For years, the murder rate in Chicago had been decreasing but this year has been different.
"If you look at gun seizures on a per capita basis, the Chicago police department captures ... six times the amount of guns that they do in New York City. And ... there is relatively easy access to guns, Chicago actually has very stringent gun-safety regulations but many of the surrounding areas do not."
- Harold Pollack, the co-director of the University of Chicago Crime Lab
Through the end of July, the number of murders in the US' third-largest city was more than 25 per cent higher than it was during that same time period in 2011.
After a stray bullet killed seven-year-old Heaven Sutton outside her home, Chicago's mayor pointed to the city's gangs as the root of the problem. But community organisers say the rise in murders is a result of failed urban policies.
They argue that a systemic change is needed and not just a police crackdown.
It is also important to note that it is too soon to make a judgement on whether this is the beginning of a long-term trend. In fact, in July there were fewer murders in Chicago than in the same month last year.
According to Chicago's police department, there were 319 murders in Chicago as of August 5 compared to 433 murders in all of 2011 - down 6 per cent from 2010, when there were 436.
"We ... demanded that resources be channelled into our particular communities, specifically our correctional facilities where so many our youth and young kids are coming from. But we also helped to change the culture of our kids in the context of their thinking and became fashionable to them in their communities."
- Tyrone Parker, the founder of the Alliance for Concerned Men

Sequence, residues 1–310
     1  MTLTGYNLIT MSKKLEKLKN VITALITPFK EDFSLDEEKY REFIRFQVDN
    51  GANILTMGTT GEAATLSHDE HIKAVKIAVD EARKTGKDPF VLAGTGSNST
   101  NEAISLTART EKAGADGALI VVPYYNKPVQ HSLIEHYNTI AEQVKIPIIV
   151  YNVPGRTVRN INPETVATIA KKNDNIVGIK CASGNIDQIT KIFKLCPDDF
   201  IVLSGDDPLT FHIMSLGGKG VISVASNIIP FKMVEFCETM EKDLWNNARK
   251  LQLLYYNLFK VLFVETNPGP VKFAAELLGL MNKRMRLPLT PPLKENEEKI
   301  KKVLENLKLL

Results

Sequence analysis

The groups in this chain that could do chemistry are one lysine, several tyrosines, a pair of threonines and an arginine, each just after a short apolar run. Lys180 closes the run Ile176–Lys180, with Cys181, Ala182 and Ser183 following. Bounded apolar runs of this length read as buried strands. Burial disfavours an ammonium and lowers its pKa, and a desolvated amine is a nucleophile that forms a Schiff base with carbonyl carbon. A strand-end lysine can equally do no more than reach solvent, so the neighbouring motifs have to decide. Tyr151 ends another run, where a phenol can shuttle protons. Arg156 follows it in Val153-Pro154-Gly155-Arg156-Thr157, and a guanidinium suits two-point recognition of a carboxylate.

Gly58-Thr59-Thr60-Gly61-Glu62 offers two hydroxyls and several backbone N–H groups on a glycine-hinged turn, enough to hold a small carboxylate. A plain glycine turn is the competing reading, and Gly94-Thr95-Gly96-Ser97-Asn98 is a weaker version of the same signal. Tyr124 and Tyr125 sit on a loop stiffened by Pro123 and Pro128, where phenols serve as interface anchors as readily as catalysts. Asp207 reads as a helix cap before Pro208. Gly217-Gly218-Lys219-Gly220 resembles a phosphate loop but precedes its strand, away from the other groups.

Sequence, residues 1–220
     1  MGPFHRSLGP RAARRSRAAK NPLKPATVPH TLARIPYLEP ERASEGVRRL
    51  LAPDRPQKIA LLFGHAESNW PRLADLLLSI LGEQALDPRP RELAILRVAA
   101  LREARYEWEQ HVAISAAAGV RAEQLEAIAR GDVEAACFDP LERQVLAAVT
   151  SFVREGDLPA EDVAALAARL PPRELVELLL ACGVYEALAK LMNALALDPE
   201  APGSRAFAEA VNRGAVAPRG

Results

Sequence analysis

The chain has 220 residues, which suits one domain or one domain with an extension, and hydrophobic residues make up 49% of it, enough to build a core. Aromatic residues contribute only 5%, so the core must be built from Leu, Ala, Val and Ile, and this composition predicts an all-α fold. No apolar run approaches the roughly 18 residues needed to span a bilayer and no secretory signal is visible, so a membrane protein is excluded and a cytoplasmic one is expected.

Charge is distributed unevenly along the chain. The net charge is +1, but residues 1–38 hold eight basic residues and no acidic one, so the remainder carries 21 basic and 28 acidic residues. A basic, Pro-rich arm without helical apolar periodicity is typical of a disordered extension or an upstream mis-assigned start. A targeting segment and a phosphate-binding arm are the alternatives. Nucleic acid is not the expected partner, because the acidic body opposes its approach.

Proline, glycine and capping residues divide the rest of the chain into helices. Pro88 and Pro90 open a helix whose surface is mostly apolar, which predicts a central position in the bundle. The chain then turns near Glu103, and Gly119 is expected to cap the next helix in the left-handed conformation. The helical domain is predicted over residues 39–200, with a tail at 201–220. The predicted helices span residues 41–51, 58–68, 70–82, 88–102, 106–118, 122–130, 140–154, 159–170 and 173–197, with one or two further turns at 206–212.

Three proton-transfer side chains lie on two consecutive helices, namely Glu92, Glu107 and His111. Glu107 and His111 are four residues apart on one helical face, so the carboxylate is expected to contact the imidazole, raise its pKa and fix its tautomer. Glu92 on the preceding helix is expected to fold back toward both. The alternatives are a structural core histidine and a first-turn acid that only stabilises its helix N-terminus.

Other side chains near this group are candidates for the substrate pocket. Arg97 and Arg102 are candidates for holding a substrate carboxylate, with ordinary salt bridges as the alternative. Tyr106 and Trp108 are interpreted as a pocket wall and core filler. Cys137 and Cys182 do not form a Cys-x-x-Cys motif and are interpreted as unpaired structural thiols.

Overall, murder numbers in Chicago have been falling for years. In 2005, there were 451 murders, which was a dramatic drop from 2000, when there were 633.
But that is still far less than the number of murders in Chicago in the early 1990s, when there were often close to 1,000 murders per year.
So what is causing the recent rise in murders? And what can be done to stem it?
Inside Story Americas, with presenter Shihab Rattansi, discusses with guests: Willie Cochran, the city councilman for Ward 20 in Chicago, one of the areas where there has been a rise in the number of homicides; Harold Pollack, the co-director of the University of Chicago Crime Lab; and Tyrone Parker, the founder of the Alliance for Concerned Men, a group that has had a high degree of success in reaching out to at-risk youth in Washington DC.
"I think guns have saturated our community and got into the hands of people who are irresponsible for handling those guns. And that means that in the hands of younger people who are now shooting younger people and older people.
"It is a recent phenomenon and that recent phenomenon I think is associated with the foreclosure issue as well. The foreclosure issue has made homes that have come back on the market available for investors and those investors have put people into those homes that have poor character ... [they] don't understand what it is to introduce them into communities that have been stable communities for a long time and they bring bad characteristics with them ... and now you have developments of little satellite gangs ... that take charge of three to four blocks."
Willie Cochran, the city councilman for Ward 20 in Chicago
FACTS ABOUT CHICAGO'S MURDER RATE:
- Chicago police say much of the violence is gang-related
- Experts say Chicago's gangs have splintered into many factions
- Rahm Emanuel, Chicago's mayor, has unveiled several new police initiatives
- Emanuel has consolidated police districts and cut police spending
- The police say the drugs trade has contributed to the rise in violence
- Chicago has a population of 2.5 million people
- Chicago's murder rate is higher than New York’s or Los Angeles'
- Chicago's 20th ward has the highest murder rate